State and Federal Lands Weed Specialist
Trish MacLaren, the current state and federal lands weed specialist, has considerable experience and expertise in noxious weeds, forestry, wildlife, and weed control on highways and other public lands. She focuses on developing and maintaining productive relationships with state and federal agency managers in order to better achieve noxious weed control on state and federal lands.
The State of Washington is responsible for over 1,800 parcels containing 121,000 acres of publicly managed lands plus over 300 miles of highway rights-of-way. The Federal government is responsible for over 1,100 parcels and 355,000 acres. This amounts to 35% of King County’s 1,365,760 acres. These public lands are managed by various state and federal agencies. This includes the State Departments of Transportation, Fish and Wildlife, State Parks, and Natural Resources. Federal agencies include the Forest Service, Bureau of Land Management, Army Corps of Engineers and others. The State and Federal Lands Specialist notifies and assists the appropriate managers responsible for noxious weed control on their respective jurisdictions.Highways are a major vector for the introduction and spread of invasive plants. The State and Federal Lands Specialist assists the Washington State Department of Transportation (WSDOT) vegetation management team by surveying highway rights-of-way, advising on control techniques, and assisting in control in specific areas.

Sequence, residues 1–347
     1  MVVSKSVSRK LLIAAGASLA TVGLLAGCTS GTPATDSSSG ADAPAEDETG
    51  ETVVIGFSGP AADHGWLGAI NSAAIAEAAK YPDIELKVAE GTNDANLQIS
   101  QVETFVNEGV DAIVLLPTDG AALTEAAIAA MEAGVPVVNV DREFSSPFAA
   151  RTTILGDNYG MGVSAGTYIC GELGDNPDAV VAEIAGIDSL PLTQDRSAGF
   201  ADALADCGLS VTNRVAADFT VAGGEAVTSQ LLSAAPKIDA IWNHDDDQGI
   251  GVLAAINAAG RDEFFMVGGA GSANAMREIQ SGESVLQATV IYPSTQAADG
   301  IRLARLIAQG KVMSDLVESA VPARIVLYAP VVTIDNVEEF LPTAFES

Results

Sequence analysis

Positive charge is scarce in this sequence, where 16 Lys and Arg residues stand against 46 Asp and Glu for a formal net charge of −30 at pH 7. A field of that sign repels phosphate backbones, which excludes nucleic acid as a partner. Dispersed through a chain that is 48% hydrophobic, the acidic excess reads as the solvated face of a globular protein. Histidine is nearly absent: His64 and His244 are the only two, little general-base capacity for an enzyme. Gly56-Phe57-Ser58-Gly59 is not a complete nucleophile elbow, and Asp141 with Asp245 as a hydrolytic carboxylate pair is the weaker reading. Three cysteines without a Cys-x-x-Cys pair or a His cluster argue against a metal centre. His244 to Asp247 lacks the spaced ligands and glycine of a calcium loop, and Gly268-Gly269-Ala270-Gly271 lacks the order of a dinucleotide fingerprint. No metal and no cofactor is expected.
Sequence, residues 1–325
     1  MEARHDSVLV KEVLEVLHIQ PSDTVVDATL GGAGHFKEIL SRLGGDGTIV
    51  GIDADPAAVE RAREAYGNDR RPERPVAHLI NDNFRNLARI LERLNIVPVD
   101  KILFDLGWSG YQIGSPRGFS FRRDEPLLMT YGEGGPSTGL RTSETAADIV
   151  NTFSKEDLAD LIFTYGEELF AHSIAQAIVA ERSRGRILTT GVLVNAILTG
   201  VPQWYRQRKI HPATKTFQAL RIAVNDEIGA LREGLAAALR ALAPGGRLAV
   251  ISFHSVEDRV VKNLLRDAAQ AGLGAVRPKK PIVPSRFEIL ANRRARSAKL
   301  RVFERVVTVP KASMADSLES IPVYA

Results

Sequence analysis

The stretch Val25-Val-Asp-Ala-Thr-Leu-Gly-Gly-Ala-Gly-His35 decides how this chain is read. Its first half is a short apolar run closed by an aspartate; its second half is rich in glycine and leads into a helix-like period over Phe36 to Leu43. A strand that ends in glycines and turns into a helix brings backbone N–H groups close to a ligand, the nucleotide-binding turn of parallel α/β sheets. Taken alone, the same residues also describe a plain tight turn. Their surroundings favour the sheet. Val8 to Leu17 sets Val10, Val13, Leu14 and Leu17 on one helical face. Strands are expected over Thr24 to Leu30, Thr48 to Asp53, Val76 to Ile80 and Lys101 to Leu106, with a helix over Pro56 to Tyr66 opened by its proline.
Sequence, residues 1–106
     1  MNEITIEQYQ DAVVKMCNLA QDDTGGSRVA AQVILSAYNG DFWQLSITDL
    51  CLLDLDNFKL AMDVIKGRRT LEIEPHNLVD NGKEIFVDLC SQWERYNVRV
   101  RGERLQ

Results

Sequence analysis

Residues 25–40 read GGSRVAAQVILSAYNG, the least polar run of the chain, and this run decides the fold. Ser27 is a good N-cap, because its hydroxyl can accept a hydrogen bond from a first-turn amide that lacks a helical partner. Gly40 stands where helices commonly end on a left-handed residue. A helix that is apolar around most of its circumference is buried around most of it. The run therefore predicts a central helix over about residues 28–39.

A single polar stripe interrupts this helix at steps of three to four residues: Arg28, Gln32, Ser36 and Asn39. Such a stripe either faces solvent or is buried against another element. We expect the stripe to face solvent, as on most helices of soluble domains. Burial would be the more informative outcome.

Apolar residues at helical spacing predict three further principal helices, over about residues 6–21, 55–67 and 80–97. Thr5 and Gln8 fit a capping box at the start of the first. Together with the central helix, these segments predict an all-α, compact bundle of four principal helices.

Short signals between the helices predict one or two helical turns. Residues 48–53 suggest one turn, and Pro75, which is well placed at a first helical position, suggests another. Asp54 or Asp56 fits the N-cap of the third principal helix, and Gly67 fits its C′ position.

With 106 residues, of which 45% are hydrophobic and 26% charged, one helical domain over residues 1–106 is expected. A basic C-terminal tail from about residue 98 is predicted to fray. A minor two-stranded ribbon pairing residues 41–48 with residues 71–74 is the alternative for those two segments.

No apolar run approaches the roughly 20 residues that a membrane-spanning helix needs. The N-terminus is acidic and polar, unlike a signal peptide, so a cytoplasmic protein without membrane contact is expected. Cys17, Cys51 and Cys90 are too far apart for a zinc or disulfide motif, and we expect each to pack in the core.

In 2008, emphasis was on eliminating rush skeletonweed, phragmites and European hawkweed from state rights-of-way, surveying the extent of hawkweed infestations, and coordinating and planning more effective control of Dalmatian toadflax.
Public lands are also a vector for the spread of noxious weeds due to widespread public use and access on these lands. Ongoing efforts are being made to control purple loosestrife and tansy ragwort on State Department of Fish and Wildlife boat launches. Surveys of 11 State Parks in 2002 showed that 70% of State Parks were infested with priority noxious weed species, including purple loosestrife, spotted knapweed, tansy ragwort and several species of hawkweeds. These infestations have been reduced by working with individual park rangers.
Surveying and coordinating control of noxious weeds on remote lands managed by the US Forest Service and State DNR was begun in 2008, and noxious weeds on river banks managed by various public agencies will be a focus for future coordinated weed control efforts.